What's the difference between a deductible and an out-of-pocket max?

I see both of these listed on my insurance policies and I don't understand what the difference is. I know I have to pay a deductible, but wouldn't that be my out-of-pocket maximum?

“While deductibles and out-of-pocket maximums seem similar, they are used differently across insurance policies.
In car insurance, deductibles and out-of-pocket maximums are considered forms of risk retention and are used interchangeably. This means that you are responsible for part of the cost when you submit a claim. Companies use them to reduce the number of claims that people submit and manage the cost of insurance rates.
For car insurance, your deductible is the out of pocket maximum that you pay for each claim. However, there is no maximum for the life of your policy. This means that there is no cap on how much you pay when submitting claims.
If you submit five comprehensive insurance, you’re responsible for your deductible each time.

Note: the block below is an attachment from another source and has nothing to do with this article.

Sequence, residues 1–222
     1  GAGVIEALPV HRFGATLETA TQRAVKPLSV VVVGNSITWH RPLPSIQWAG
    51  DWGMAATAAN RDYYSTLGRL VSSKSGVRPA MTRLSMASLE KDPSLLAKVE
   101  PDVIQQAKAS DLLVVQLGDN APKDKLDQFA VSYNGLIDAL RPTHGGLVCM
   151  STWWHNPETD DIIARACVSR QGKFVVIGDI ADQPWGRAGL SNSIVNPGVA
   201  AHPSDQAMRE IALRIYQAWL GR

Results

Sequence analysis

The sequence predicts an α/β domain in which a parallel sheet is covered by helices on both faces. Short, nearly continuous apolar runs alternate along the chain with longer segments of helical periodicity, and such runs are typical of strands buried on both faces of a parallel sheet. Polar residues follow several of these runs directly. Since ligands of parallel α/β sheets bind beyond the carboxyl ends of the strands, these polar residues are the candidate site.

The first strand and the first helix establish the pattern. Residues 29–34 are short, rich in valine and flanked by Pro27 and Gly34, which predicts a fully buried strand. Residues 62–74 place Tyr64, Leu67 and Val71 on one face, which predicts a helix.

In other types of insurance, your deductible is what you pay for each claim. However, there is a limit for how much you pay over the life of the policy. If your out of pocket maximum is $4,000 and you pay your deductible or amounts out of pocket totaling that, you aren’t required to pay anything else even if you submit future claims within the policy lifespan.
If you want to get the best rate on your car insurance and related deductible, you should also check out Jerry. Sign up today to compare rates from top insurance carriers.”
Emily Maracle
Answered on Sep 09, 2021
Emily Maracle is a car insurance specialist living in New York. Originally from the Pacific Northwest, she has a degree in English Literature and a background in customer service. She enjoys cooking, gardening, and living sustainably. In the future, she can't wait to upgrade to a hybrid or electric car.

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